Leopold ecological restoration ideas were greatly influenced by Thoreau idea.
Indeed, Leopold was an active participant in the ecological restoration as evidenced by his activities. By 1935, prior to the acquisition of the farm, the number of nesting pairs of sandhill cranes in Wisconsin were 25. This was one of his major concerns and he thereby corresponded with people in Wisconsin that have knowledge of sandhill cranes. The collective effort of Leopold and his colleague has yielded positive fruits as there are 12,000 sandhill cranes in Wisconsin as of today.
Prior to Leopold acquisition of the farm, there were no otter neither was there wolves spotted on the farmland. These extirpated wildlife has made a comeback. Lutra Canadensis has reappeared and there are otter in the otter pond. Likewise is the presence of radio-collared wolves noticed in the farmland.
Leopold benefited from his ecological restoration of an insignificant farmland. For instance, from an insignificant tree oak Leopold got firewood, exercise, family teamwork, and a history lesson. Leopold also preserved the economically worthless Draba by avoiding the planting of pines in area that favors the growth of these plants. The planting of 48,000 pines in thirteen years, indeed, demonstrates Leopold commitment to ecological restoration.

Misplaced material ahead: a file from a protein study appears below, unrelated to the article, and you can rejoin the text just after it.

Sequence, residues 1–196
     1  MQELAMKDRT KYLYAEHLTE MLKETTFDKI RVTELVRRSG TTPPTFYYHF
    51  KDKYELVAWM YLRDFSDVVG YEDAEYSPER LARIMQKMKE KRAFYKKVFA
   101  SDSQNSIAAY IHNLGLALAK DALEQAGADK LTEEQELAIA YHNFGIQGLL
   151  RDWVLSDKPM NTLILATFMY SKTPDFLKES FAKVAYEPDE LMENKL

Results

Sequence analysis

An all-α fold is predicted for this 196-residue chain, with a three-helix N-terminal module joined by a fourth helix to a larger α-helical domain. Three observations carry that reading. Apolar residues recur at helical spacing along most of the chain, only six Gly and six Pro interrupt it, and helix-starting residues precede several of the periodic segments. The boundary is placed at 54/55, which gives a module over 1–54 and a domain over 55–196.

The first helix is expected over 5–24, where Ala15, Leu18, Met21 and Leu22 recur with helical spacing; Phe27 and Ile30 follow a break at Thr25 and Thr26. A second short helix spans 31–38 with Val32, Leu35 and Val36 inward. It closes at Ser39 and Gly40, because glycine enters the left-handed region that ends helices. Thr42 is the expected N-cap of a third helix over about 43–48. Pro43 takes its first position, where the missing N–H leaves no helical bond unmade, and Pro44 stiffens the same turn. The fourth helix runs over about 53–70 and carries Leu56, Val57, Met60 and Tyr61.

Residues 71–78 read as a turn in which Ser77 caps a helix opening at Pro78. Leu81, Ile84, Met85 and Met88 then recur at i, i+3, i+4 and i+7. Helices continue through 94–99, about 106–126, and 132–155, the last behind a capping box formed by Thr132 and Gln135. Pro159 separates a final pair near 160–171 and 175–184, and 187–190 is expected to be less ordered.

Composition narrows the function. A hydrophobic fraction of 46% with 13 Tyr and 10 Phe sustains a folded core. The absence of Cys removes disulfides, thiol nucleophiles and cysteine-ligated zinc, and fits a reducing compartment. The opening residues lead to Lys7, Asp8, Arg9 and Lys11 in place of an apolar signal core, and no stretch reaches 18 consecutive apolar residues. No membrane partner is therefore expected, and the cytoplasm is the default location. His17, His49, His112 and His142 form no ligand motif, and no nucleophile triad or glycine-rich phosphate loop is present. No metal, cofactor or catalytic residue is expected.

Various groups are involved in the ecological restoration and these include the Germantown High School and the Leopold Foundation that collaborates with International Crane Foundation. In fact, the Germantown High School has successfully raised $15,000 to fund ecological restoration in addition to restoring the prairie by planting seeds collected from the Leopold farmland. The International Crane Foundation works towards the preservation of the world’s fifteen species of crane and towards the protection of crane habitat.
Leopold through his writing and experiment at the abandoned farmland has built a legacy for himself. In the